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June 13th, 2011
06:30 AM ET

Apples top 2011 'dirty dozen' list, says group

Apples are the most chemically contaminated produce, says a new report by the Environmental Working Group, a non-profit focused on public health.

The report suggests buying organic apples instead of conventional, and names other fruits and vegetables that rank highest in pesticides. Organic produce is grown using materials of plant or animal origin, instead of chemicals. On the "dirty dozen" list are:

1. Apples

2. Celery

3. Strawberries

4. Peaches

5. Spinach

6. Imported nectarines

7. Imported grapes

8. Sweet bell peppers

9. Potatoes

10. Domestic blueberries

11. Lettuce

12. Kale/collard greens

The group also lists the "Clean 15," or those that rank lowest in pesticide residues. These are:

1. Onions

2. Sweet Corn

3. Pineapples

4. Avocado

5. Asparagus

6. Sweet peas

7. Mangoes

8. Eggplant

9. Domestic cantaloupe

10. Kiwi

11. Cabbage

12. Watermelon

13. Sweet Potatoes

14. Grapefruit

15. Mushrooms

"Though buying organic is always the best choice, we know that sometimes people do not have access to that produce or cannot afford it," EWG President Ken Cook said. "Our guide helps consumers concerned about pesticides to make better choices among conventional produce, and lets them know which fruits and vegetables they may want to buy organic."

However, United Fresh Produce, the trade association representing produce companies, calls the report "misleading."

In a statement to CNN, the group said:

"At a time when medical experts strongly urge Americans to realize the health benefits from eating more fruits and vegetables, it is irresponsible to mislead consumers with a sensational publicity stunt disguised as science. While its authors admit the 'health benefits of a diet rich in fruits and vegetables outweigh the risks of pesticide exposure,' the Dirty Dozen list will almost certainly discourage many people from eating the recommended amounts of fresh produce and potentially diminish the nutrition and health of millions of Americans."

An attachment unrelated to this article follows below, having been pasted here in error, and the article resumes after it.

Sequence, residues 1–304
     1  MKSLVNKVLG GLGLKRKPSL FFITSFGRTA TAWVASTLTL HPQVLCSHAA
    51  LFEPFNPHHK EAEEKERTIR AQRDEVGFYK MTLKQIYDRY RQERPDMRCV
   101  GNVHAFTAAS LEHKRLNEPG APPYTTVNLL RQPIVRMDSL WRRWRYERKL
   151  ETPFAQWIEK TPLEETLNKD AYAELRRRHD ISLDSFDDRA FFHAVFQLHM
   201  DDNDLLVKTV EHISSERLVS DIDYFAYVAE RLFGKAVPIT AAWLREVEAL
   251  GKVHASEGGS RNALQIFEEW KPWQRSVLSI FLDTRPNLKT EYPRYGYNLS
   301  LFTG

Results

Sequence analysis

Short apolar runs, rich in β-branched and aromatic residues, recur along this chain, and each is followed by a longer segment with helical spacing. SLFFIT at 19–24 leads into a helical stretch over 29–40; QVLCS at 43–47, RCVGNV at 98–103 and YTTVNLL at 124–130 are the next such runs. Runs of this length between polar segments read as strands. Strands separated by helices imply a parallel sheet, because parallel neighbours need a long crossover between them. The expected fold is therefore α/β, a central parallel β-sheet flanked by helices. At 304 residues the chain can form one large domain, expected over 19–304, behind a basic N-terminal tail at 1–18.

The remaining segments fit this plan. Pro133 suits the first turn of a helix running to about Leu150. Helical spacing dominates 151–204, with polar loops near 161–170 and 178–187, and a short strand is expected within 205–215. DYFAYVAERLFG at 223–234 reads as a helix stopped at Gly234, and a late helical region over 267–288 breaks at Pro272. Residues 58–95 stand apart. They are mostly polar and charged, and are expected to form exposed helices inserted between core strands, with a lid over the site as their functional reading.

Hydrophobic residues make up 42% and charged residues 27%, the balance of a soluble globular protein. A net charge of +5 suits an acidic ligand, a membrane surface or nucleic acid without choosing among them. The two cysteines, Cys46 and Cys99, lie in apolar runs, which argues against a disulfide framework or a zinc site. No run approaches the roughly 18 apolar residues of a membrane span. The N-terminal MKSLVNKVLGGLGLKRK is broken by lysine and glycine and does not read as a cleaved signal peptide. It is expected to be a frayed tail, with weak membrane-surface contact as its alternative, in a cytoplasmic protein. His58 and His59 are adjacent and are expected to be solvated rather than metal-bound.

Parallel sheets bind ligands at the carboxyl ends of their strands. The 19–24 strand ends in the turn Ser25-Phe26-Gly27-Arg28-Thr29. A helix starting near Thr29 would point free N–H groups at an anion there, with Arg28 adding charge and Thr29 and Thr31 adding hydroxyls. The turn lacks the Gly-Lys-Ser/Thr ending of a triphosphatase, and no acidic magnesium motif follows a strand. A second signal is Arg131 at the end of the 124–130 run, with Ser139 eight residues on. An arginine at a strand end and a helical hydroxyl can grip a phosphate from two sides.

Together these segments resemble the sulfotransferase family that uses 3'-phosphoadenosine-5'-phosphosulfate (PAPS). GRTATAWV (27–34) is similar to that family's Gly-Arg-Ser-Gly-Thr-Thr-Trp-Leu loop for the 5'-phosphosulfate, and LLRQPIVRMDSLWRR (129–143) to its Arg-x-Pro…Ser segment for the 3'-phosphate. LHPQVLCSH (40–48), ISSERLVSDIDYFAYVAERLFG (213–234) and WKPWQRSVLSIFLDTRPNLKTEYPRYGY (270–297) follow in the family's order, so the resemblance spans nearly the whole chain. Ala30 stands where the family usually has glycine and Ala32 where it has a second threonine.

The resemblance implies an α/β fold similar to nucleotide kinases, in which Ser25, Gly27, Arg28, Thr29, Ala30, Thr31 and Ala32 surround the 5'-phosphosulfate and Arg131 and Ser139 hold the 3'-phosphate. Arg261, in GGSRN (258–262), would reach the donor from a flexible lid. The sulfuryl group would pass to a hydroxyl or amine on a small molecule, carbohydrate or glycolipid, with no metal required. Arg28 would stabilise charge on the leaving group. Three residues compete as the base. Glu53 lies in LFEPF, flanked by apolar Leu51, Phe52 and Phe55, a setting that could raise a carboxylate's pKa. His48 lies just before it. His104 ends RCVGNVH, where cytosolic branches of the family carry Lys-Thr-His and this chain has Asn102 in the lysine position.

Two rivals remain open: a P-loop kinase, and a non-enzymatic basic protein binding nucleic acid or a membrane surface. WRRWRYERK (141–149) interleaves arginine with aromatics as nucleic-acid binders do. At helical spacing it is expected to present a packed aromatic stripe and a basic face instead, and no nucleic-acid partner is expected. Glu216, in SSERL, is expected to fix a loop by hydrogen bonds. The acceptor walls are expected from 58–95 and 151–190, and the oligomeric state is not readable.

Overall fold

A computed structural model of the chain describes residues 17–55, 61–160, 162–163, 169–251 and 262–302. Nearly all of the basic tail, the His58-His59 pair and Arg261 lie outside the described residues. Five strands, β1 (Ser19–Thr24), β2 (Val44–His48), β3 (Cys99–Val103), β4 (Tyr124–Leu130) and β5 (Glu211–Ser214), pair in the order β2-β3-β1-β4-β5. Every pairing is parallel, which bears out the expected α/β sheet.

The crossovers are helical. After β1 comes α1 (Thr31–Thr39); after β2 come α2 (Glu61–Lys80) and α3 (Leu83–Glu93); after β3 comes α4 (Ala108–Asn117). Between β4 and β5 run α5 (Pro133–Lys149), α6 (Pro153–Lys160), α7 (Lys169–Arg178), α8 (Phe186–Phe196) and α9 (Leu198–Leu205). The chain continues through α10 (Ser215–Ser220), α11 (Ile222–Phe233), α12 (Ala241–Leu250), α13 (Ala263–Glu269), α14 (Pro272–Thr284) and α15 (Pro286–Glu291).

The EWG report is an update from the 2010 one. It is based on data collected by the U.S. Department of Agriculture. Samples were tested as they were normally eaten- washed, and sometimes peeled.

"The pesticide data that USDA publishes each year provides regulators, scientists, farmers, and consumers important insights about ongoing challenges as well as significant progress in the use of pesticides," a USDA spokesman said in a statement.

"Our annual report shows that overall pesticide residues found on foods tested are at levels below the tolerances set by the EPA."

Registered dietitian Ann Dunaway Teh has some advice for shoppers watching their wallets.